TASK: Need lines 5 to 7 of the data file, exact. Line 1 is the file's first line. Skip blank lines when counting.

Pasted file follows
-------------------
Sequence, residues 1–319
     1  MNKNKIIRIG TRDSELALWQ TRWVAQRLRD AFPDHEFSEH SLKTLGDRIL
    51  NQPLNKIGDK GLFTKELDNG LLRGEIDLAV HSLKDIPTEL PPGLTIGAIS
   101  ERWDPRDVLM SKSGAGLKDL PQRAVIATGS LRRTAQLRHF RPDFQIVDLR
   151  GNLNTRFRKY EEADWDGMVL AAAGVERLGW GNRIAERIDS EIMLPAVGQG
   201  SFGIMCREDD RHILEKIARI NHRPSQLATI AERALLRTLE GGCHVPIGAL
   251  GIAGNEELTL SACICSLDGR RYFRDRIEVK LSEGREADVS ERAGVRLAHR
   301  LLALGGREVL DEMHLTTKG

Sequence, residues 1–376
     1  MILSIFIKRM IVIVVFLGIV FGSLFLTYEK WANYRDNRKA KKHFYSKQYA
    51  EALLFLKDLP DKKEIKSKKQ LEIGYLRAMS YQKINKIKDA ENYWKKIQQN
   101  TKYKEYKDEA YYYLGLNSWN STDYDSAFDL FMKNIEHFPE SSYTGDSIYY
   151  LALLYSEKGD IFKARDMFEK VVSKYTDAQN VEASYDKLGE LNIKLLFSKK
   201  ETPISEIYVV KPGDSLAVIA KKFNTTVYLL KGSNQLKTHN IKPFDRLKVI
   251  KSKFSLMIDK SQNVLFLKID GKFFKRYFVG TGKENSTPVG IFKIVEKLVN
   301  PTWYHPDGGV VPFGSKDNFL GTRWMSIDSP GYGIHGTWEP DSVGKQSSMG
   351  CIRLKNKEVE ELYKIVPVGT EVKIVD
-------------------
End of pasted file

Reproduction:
   151  GNLNTRFRKY EEADWDGMVL AAAGVERLGW GNRIAERIDS EIMLPAVGQG
   201  SFGIMCREDD RHILEKIARI NHRPSQLATI AERALLRTLE GGCHVPIGAL
   251  GIAGNEELTL SACICSLDGR RYFRDRIEVK LSEGREADVS ERAGVRLAHR